I do look forward to seeing this discussion evolve as it will be interesting to learn something.
 

kemalony

Inactive user
168
$25 * 1.5 = $37.50 fabric cost / manufacturing
$36 * 1.75 = $63 Cost to retailer
$63 * 2.3 = $145 Cost to customer

Not arguing it's reasonable, but it might be logical given the cost of goods.
I m sure that none of producers can earn 50%. Rate is aprox 15%. We used to produce for the brands for years and in Maras many factories still produce for brands they cant get over 15%.
Once I saw the price labels on a shirt in a factory I could not beleive that price differences are very high.(x 6)
 

Alexander Kabbaz

Tech and Business Advice Guru
6,681
United States
New York
East Hampton
What is Sea Island cotton, why is it better, and how does it relate to other top Extra-Long Staple (E.L.S.) Cottons?

Sea Island cotton has been termed "the longest, finest, and most valuable cotton grown in the world". The Sea Island cotton grown in the West Indies has an average fibre length of 1.75"-2". This is the world's longest. Its closest widely-recognized competitors are Giza 45, Karnak, and Menoufi, all with fibre lengths about .25" shorter. Karnak and Menoufi are cotton species of days-of-old and no longer figure prominently. To offer a bit of specificity, E.L.S. cottons are defined as those having a fibre length greater than 1.375".

Why are E.L.S. cottons prized? There are a number of reasons. These cottons are not only longer, but they are also finer in diameter and possess significantly greater tensile strength - often as strong as 50 tons per square inch. This high tensile strength is what permits the spinning of the high yarn numbers (120s and up) necessary to produce the finest shirtings. The longer fiber permits a smoother finish to the yarn, and thence the shirting, simply because there are fewer "joints" than characterize cottons of shorter length. By derivation, the smoother finished yarn yields a smoother finished fabric.

Sea Island cotton has a long and sometimes checkered history. It was first grown in the United States in 1786 from seed obtained from the Bahamas. Although many attempts were made to grow this special cotton inland, the finest specimens were always grown on the Sea Islands - James, Edisto, John, and Wadmalaw. Although Sea Island cotton was being successfully grown inland as well, the seeds obtained from the inland grown did not retain the superb characteristics for long. The inland growers were dependent upon the Sea Islands growers for a replenishment of seed at least every three years.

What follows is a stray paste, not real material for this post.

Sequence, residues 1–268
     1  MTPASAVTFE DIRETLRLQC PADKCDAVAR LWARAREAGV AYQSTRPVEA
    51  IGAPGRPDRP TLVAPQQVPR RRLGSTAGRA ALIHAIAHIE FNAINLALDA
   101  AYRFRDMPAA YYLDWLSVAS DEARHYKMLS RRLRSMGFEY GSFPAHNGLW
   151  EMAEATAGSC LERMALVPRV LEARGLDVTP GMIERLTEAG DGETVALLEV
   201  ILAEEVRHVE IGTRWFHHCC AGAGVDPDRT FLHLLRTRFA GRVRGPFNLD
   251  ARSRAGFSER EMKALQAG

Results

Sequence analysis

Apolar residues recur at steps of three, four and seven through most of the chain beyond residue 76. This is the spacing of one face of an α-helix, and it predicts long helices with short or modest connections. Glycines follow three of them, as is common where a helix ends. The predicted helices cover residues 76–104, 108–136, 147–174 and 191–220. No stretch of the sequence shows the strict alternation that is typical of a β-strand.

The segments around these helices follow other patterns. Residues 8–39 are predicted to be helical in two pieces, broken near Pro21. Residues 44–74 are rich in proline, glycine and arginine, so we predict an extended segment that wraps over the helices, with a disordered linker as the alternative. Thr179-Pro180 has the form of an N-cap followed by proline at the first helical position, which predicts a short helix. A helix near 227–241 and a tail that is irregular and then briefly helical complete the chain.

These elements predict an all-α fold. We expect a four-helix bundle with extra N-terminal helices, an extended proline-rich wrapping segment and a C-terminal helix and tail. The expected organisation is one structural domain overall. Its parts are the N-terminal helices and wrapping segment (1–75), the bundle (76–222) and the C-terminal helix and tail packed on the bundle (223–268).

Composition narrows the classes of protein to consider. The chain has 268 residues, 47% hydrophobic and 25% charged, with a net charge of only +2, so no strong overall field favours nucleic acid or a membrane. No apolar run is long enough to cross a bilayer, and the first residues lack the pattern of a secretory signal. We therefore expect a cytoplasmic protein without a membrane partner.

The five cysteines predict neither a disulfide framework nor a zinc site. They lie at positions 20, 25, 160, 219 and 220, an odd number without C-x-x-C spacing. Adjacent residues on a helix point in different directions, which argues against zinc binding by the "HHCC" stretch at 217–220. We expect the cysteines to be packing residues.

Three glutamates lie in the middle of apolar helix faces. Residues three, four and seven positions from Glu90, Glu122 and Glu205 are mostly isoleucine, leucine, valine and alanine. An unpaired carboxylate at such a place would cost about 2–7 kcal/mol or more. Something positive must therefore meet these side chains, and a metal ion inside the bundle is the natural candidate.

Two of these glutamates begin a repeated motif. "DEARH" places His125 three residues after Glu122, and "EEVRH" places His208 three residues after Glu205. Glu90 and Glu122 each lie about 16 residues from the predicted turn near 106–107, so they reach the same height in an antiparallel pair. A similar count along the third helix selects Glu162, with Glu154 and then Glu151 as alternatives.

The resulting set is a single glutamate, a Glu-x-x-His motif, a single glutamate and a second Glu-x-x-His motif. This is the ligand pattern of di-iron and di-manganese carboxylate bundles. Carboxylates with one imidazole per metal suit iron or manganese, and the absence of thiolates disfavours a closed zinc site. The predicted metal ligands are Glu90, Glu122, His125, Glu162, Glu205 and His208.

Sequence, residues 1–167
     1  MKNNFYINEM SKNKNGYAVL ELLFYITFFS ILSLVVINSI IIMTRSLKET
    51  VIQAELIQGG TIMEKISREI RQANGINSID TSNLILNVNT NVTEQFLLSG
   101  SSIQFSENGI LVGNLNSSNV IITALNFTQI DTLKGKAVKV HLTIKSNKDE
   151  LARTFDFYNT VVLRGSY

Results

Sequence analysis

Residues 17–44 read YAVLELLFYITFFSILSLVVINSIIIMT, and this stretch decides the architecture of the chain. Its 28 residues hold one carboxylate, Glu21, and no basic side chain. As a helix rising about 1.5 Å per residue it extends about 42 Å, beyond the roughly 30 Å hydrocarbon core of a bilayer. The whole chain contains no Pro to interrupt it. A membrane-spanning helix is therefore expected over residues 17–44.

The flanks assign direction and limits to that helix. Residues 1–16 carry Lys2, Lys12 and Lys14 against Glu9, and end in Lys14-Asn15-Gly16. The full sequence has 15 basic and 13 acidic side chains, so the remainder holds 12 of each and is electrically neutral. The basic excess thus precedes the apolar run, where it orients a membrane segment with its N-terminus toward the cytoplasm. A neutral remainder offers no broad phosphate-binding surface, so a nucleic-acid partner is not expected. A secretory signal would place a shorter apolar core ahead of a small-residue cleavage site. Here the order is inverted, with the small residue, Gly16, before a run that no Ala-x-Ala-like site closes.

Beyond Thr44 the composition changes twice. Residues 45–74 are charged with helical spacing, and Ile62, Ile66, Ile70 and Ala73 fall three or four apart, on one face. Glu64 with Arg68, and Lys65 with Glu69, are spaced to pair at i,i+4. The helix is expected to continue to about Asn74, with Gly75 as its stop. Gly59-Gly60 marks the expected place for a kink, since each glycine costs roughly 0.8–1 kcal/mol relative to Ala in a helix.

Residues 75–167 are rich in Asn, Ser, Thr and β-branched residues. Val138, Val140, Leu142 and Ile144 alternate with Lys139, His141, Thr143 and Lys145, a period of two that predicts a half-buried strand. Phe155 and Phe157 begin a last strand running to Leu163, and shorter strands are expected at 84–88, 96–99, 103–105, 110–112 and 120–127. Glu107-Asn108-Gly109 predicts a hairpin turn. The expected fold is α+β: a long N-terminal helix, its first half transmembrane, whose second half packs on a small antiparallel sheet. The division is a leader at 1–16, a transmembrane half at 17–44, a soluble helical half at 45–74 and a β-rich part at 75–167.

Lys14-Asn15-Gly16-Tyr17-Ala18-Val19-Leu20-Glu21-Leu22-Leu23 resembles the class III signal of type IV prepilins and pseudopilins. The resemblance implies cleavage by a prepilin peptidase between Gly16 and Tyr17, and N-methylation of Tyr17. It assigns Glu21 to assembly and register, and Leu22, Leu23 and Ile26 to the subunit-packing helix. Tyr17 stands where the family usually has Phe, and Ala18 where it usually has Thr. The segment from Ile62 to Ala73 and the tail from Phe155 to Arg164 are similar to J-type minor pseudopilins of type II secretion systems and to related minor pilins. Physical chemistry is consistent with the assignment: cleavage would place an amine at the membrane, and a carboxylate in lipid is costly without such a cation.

In the first decade of the 20th century, starting in 1902, the culture of Sea Island cotton growing was introduced to the West Indies. Expert growers from the Carolinas were employed to teach the farmers of St. Vincent, Antigua, Barbados and other smaller islands how to grow Sea Island cotton. So successful was this project that within the decade, Sea Island cotton from the West Indies was offering stong competition to the Southeastern U.S. crop. Hit by the boll weevil in 1919, the U.S. Sea Island cotton crop was decimated. In 1924, U.S. production hit an all-time low of 11 bales.

The sad fate of U.S. production aside, the growing of cotton from the Sea Island seeds continued - and continues - in the West Indies. Various attempts were made to grow it elsewhere including Pima County, Arizona and in Peru. These attempts failed. The primary requirement for successfully and continually growing any certain species of cotton, climate and knowledge aside, is that there can be no other species of cotton growing nearby. With the wanton windborne wandering of pollen different species will cross-polinate and, with rare exception to the contrary, dilute the prized genetic characteristics of the better species.

The best of today's cottons come from two regions. Sea Island is grown in the West Indies. Egyptian E.L.S. cotton is grown in the triangular area at the mouth of the Nile River roughly bounded by Cairo, Alexandria, and Port Said. Also in the running are Peru and the American Southwest.

What the future holds for these cottons is yet to be determined. Egyptian Giza 45 has "run out". In lay terms, this means that the quality of the seed has degenerated to a point where the expected characteristics can no longer be reliably maintained. At current usage rates, there exists sufficient Giza 45 cotton in storage to last another 8-10 years. The Egyptian government and private industry are working rapidly to develop a new strain. The continuity of Sea Island production is more certain as the West Indian Sea Island Cotton Association, Inc. (WISICA) strongly enforces proper cultivation.